March Issue 2010
Khan’s New Avatar
My Name is Khan has several things going for it.
1. Shah Rukh Khan: For perhaps the third time in his career of about 60 films, SRK is not playing SRK. He is in character. We’ve seen that before in Chak De India and prior to that in Swades. And though we love SRK for being SRK in his movies, it’s nice to be reminded that he can act too — if the role demands it.
2. Kajol: Just three letters: WOW! Kajol has been the most refreshing thing to happen to Hindi cinema in the last two decades. What utter gorgeousness, spontaneity, spunk and unaffectedness. She lights up the screen with her sparkle, and even though she is always Kajol, we wouldn’t want it any other way.
3. Shah Rukh Khan and Kajol: This is sheer heaven! Together after almost a decade (last seen as the doomed-to-disownment couple in Kabhi Khushi Kabhi Gham), My Name is Khan proves that their chemistry is as enchanting as it was in DDLJ.
4. Karan Johar: He has found the magic formula that tugs at millions of heartstrings (though mine are often unyielding), and no, it isn’t just pairing SRK and Kajol, although that’s half the battle won right there. He’s employed elements of the formula here. Setting the story in the US, for example. But omitting to make it about large families and their even larger family values is a welcome change. And there aren’t any item numbers featuring Rani or Preity to jazz things up. We like this new avatar.
5. Sonya Jehan: For us in Pakistan, a proud moment as ‘our woman in Bollywood’ does a wonderfully understated turn as SRK’s sensitive sister-in-law.
6. Post-9/11 theme: Good to know that it is alive and kicking (butt in Bollywood, most notably Hindutva’s).
7. Making history his story: The 1983 Bombay riots, 9/11, Hurricane Katrina and Obama’s presidency — they’re all to be found here. (Of course KJo wouldn’t be KJo if he didn’t upsize the menu), these four defining moments in recent history that have brought to the boil issues of race and religion, both tragically and triumphantly. The filmmakers use these events in the employment of plausible plot-making and to remind us, again and again, how polarised the world has become. The lesson a young Rizvan is taught by his wise but unlettered mother (well-played, Zarina Wahab!) — that there are only two kinds of people in the world, good people who do good deeds and bad people who do bad deeds, and that’s the only difference between them. (I can hear George Bush Jr clapping). Yeah, it’s pretty stark in its black-and-white-ness but we’re watching Bollywood not cinema veritas.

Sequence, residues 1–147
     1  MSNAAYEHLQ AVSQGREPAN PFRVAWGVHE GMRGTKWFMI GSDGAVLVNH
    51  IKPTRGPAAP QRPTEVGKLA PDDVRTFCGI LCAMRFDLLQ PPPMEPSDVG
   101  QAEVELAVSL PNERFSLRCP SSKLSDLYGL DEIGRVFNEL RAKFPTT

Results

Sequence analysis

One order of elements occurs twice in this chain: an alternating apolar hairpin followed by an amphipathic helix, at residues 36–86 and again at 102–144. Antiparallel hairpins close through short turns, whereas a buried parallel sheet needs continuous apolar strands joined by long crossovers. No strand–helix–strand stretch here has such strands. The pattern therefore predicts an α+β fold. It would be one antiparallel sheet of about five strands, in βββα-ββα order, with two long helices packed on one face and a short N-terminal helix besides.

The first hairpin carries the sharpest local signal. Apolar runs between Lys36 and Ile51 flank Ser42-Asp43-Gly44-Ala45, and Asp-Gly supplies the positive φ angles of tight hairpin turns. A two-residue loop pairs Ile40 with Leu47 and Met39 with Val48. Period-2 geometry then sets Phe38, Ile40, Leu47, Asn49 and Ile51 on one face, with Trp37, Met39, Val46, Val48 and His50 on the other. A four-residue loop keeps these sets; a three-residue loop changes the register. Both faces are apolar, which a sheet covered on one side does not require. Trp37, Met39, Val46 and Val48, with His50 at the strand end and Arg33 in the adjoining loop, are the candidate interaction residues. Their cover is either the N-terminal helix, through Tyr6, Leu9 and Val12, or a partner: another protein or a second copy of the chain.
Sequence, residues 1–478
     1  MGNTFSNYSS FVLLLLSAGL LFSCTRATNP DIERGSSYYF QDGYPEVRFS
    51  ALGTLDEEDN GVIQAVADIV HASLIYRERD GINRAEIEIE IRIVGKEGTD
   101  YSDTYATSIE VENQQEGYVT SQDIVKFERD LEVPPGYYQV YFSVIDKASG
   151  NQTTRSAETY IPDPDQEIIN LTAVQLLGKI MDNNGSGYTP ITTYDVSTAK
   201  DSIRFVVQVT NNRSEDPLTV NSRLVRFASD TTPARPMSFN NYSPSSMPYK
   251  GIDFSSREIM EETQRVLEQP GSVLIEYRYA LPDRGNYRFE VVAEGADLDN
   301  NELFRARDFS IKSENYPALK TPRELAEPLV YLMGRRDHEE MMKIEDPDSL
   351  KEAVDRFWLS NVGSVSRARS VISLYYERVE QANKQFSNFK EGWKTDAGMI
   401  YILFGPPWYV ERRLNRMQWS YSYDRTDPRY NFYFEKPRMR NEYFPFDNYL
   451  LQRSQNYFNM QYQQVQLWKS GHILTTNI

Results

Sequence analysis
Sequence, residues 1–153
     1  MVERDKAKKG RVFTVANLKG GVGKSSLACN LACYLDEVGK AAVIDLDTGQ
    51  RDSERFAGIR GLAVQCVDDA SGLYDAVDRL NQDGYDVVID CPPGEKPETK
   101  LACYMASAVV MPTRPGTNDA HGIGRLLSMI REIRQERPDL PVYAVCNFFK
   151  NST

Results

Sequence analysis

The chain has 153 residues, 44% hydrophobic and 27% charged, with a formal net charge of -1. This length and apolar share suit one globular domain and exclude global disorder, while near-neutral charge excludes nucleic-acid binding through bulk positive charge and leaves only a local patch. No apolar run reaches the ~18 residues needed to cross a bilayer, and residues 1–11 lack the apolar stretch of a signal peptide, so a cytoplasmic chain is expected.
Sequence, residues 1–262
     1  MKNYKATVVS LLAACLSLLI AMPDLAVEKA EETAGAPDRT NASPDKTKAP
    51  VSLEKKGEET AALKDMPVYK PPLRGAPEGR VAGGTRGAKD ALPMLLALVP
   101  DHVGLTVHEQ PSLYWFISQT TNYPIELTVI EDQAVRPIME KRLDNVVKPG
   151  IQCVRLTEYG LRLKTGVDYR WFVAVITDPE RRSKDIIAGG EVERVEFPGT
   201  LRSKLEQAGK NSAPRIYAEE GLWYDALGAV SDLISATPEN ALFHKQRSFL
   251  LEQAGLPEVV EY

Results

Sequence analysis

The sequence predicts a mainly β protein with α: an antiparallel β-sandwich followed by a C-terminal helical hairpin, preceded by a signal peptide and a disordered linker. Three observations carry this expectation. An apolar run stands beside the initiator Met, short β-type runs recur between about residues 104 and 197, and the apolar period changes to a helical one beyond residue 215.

That it isn’t just Muslims who are being discriminated against because of the colour of their skin; in homage to Hurricane Katrina survivors, Rizvan retraces his steps back to Wilhemina in Georgia when a hurricane strikes the town where funny-haired Joel and his Mama gave him shelter, food and love. And finally, Obama’s victory in the US presidential election that gives hope to all that “we shall overcome” our prejudice (even if it is for a moment).
“My name is Khan and I am not a terrorist,” Rizvan declares to a Homeland Security official when he is stripped down and frisked at a US airport. His Asian appearance and his persistent rolling of stones in the palm of his hand while speaking to himself arouses suspicion in a passenger and he is pulled aside to be searched. Therein lies the essence of the film — that all Muslims are not terrorists even though all terrorists are invariably Muslim. (For the sake of artistic licence, let’s forget about the Tamil Tigers, the Maoists in Nepal, the Israelis invading Gaza, or Bush and Modi, although the latter two do find mention in the film but by “bad” Muslims who end up getting arrested for their wicked intentions). This clichÃ© is the film’s central message — to be delivered by an Asperger’s Syndrome-stricken Rizvan Khan to the American president — and to dozens along his See America journey by Greyhound.
Another message that will resonate with, inspire and restore lost confidence among Muslim viewers is that we must take pride in being Muslim, in asserting — even celebrating — our Muslim identity whether it is by wearing a hijab or offering prayers without fear of people watching, victimising and judging.
But at heart, My Name is Khan is a love story. No matter how political a message it conveys, the film’s most heart-rending moments (in which KJo succeeded in stirring even my imperturbable heartstrings) are when Rizvan is at his most vulnerable — penniless, he advertises that he can “repair almost anything” in order to earn some cash to finance his journey, and ravenous from days of denying himself food because he can’t afford it, he can’t help but be greedy when offered food by fellow passengers. His penury in the first instance and hunger in the second is heart-breaking, more so because it is love that has driven him to this state of utter vulnerability and desperation.
His journey is not as much to tell the president what he has to tell him, but so that he can return to his beloved Mandira, who in a fit of anger and utter grief tells him not to come home till he has delivered that message.
What stops My Name is Khan short of brilliance is its Bollywood-style climax. Karan Johar just couldn’t help succumbing to the temptation of classic Bollywood melodrama — which is to be found in the unfolding of the hurricane sequence in Wilhemina and the trickle of humanity that sweeps into this town of a couple of hundred people and thrice as many cows, on a wave of empathy.
People who braved Bal Thackeray and his threats of violence and vandalism to see Shah Rukh stating the obvious — “My name is Khan and I am not a terrorist” — will not be disappointed.